Illustration Cannabis sativa clean" by Prof. Dr. Otto Wilhelm Thomé

Illustration Cannabis sativa clean" by Prof. Dr. Otto Wilhelm Thomé

Cannabis is like our friend the dog. Seriously. It can be bred to produce a variety of species that appear to be quite different from one another. Large Labrador Retrievers may seem to be an entirely different species than tiny Toy Poodles, but they are both canines nonetheless. Such is hemp to its storied cousin, marijuana, better known by its scientific name, Cannabis. It is but one plant with many uses.  
  As a species of the genus Cannabis sativa L, hemp is characterized not only by its tall, strong stalks, but also by its trace amounts of the THC that produces the well-known high. Still, hemp carries much of the same baggage as its well-known cousin, inhibiting development of those many uses. Via the courts, state legislatures and other regulatory bodies, hemp and its constituent products are finally beginning to establish footholds in the global market place.

 The cultivation of hemp appears to have originated in China. Human migration took it westward into Asia and Europe where cultivation for fiber and seed was widespread by the 16th Century. Hemp was brought to the New World by the Pilgrims for spinning and weaving and then spread south and west to Virginia and Kentucky. The hemp industry flourished through the mid-Twentieth Century to satisfy cloth and cordage needs for World War II. After 1945, production rapidly declined largely due to narcotics laws enacted against its cousin, marijuana.   

  The Controlled Substances Act (CSA) that governs the availability of drugs in the U.S. was enacted in 1970. Despite a long history of use, marijuana was placed in the most restrictive Schedule I, where truly dangerous substances like heroin and LSD reside. The federal government takes a “one plant” stance by categorizing the entire Cannabis plant into Schedule I. Confusion abounds with this classification, since hemp often contains only trace amounts of THC.  

  Under the CSA, cannabis can only be grown with a permit from the Drug Enforcement Administration (DEA), and of course, the DEA is quite stingy with its permits. As a result, most hemp products in the USA are derived from imported hemp. The DEA has articulated a “plain language” interpretation of the CSA – zero tolerance for any THC whosoever.

  In reaction, the 2014 Farm Bill contained an amendment to permit research institutions and state agriculture departments to grow industrial hemp in states where cultivation is legal. Kentucky moved quickly to set up pilot programs, only to have the necessary imported seeds blocked at the airport by the DEA citing to the lack of the required permit. The DEA ultimately released the seeds, but left hemp production clouded with uncertainty.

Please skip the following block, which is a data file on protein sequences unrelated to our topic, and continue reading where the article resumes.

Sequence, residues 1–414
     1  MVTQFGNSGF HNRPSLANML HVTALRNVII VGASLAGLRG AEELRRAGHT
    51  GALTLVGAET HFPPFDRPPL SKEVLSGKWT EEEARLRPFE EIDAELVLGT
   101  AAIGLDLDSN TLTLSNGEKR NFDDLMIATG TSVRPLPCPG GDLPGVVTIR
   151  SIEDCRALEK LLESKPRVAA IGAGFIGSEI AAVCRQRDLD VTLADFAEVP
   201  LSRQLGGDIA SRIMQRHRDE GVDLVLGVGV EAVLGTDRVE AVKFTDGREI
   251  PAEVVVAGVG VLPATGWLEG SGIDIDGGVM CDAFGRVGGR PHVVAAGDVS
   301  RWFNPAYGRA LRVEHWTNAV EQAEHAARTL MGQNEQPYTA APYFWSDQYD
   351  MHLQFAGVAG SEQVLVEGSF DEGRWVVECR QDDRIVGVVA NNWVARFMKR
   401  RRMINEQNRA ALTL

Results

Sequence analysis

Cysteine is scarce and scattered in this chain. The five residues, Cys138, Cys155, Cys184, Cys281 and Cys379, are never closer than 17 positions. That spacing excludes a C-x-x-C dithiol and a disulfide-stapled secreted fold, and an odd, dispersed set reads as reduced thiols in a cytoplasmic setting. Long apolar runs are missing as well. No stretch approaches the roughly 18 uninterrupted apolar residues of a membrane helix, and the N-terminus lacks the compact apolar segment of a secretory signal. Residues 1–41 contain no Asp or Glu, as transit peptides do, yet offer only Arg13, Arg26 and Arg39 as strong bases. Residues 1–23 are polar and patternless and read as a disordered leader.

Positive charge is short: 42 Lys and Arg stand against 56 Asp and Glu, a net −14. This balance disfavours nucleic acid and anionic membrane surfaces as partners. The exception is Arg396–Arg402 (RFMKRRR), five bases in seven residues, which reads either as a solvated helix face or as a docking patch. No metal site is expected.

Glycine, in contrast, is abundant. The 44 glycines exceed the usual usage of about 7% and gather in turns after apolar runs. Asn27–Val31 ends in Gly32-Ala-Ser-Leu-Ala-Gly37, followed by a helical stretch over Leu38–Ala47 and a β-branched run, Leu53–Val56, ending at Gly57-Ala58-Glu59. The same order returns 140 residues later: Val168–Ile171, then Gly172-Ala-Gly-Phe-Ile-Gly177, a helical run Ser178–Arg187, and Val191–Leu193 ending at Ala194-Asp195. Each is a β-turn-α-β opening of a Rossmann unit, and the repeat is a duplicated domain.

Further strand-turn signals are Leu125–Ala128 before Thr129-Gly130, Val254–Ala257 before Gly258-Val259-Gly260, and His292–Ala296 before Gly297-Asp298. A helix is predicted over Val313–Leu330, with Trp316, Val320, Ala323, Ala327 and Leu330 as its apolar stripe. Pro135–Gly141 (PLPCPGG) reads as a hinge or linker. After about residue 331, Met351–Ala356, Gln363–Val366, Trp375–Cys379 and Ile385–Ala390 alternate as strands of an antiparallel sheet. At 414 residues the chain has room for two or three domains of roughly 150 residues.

Congress moved quickly in 2015 to pass an appropriations bill to block federal enforcement authorities from interfering with state agencies, hemp growers and related agricultural research projects. This green-lighted states such as Kentucky, Tennessee and Colorado to begin planting hemp. Sorry to say, Ohio is not among these states and has no hemp legislation pending.

  As hemp production rolls out, our state stands to lose out on a billion dollar industry. China, where it all began, is one of the globe’s largest producers of hemp and largest supplier to the United States. Global hemp cultivation was estimated in 2013 at 200,000 acres and 380 million pounds. The U.S. market has been valued at $581 million retail. Hemp foods and supplements alone total about $184 million. All of these figures are unofficial because of the legal tug-of-war that still constrains the hemp industry.

  The aforementioned sales dollars come from these uses:

  • Hemp bast fibers: strong, durable fibers for rope, twine, paper, fabrics, textiles, carpeting, car parts and more.

  • Hemp hurd: cellulose-rich, short fibers for animal bedding, low-quality paper, insulation and fiberboard.

  • Whole hemp stalk: biofuels, ethanol, synthetic gas and methane.

  • Hemp oil: nutritious foods for humans and animals, personal care products. Also, paints, varnishes, inks and industrial lubricants, biodiesel.

  On a final policy note, the DEA is not the only federal agency to vie with the growing commercialization of hemp. Companies claiming to market medicinal hemp oil containing low quantities of THC often tout high quantities of CBD, another component of the cannabis plant. In March 2015, the FDA, which governs the labeling of pharmaceutical drugs, warned a number of these companies against making medical claims. In May, the agency stepped up its enforcement by telling these companies that CBD cannot be sold as a dietary supplement. This action could strike at the heart of the billion-dollar hemp oil food and supplement market. The direction the FDA will ultimately take is unclear, but it again illustrates the uncertainty that defines the hemp marketplace.

  Will hemp finally escape the shroud imposed by marijuana? Will Congress continue its laisse faire approach toward hemp farming in legal states? Will the DEA and FDA crack down on hemp production and products as still subject to the CSA?

  Times are changing and with change comes new possibilities. Hopefully, the various species of the Cannabis plant will ultimately be used to their fullest potential. Much like our canine friends, every dog will have its day.

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